Chandrayaan-2, the lunar mission under which the Indian Space Research Organisation (ISRO), will for the first time attempt to land a rover on the moon's south pole, costs lesser than a Hollywood sci-fi movie ‘Interstellar’.
ISRO's Chandrayaan-2 mission's cost is Rs 800 crore, which is lesser than the budget of Christopher Nolan’s 2014 release whose production cost was around Rs 1,062 crore ($165 million). However, it is not the first time that ISRO has achieved this feat.
ISRO’s earlier mission, Mangalyaan, was also cheaper than another Hollywood space movie 'Gravity'. The mission cost that was launched in 2013 cost Rs 470 crore whereas the George Clooney-starrer movie’s budget was Rs 644 crore ($100 million).
This surely showcases the cost-effectiveness of ISRO’s space missions. But, how do they manage this? ISRO chairman Dr K Sivan has an answer. In an interview with The Times of India, Dr Sivan revealed four important factors for the frugal nature of missions.
“Simplifying the system, miniaturising the complex big system, strict quality control and maximising output from a product, make the missions of Indian space agency cost-effective," said Dr Sivan.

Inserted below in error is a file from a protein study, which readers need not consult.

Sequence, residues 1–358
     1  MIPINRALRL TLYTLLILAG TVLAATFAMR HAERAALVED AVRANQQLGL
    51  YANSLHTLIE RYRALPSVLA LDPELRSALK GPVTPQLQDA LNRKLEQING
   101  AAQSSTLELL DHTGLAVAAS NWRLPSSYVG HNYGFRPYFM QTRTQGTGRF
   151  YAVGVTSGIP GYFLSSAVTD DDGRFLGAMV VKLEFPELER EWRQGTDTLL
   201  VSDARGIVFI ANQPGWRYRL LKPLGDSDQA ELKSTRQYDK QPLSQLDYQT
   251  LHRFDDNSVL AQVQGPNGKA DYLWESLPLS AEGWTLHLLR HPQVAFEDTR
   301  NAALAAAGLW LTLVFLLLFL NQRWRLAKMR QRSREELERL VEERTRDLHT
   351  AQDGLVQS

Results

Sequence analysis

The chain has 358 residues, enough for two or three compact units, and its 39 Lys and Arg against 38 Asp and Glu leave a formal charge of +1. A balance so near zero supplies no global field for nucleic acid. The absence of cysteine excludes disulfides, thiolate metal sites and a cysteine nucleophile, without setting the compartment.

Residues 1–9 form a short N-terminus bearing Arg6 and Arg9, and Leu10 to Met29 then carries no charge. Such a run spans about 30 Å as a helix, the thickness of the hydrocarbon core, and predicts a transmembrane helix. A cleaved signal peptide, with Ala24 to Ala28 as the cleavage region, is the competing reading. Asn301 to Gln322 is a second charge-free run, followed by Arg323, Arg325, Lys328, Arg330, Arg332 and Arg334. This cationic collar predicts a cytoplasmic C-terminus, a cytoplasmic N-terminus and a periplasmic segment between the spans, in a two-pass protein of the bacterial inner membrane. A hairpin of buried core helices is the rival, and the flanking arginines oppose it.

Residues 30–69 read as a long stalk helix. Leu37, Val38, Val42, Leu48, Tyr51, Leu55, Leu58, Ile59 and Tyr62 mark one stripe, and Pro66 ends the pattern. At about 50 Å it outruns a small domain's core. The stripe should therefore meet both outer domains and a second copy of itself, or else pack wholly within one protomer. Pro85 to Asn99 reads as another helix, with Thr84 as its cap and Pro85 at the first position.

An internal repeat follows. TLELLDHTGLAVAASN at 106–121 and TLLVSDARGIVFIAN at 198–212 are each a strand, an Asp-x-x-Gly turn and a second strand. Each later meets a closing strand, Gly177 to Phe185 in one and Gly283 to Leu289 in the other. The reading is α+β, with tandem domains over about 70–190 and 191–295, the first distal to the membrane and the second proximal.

Explaining it further in the report, he said that at ISRO, they keep an eye on the entire process of development of a spacecraft or a rocket. This helps to cut down any wastage of products and thus, the cost of mission remains economical.
The ISRO chairman also discussed the tentative date of Chandrayaan-2 launch. As of now, the space agency is planning to launch the mission in April. However, it will be finalised after taking into consideration the factors like moon's relative position with respect to the Earth.
If the mission could not launch in April, the next suitable time will be in November. According to Dr Sivan, they are trying for a dawn-to-dusk landing, which is not possible anytime between April and November due to moon eclipses.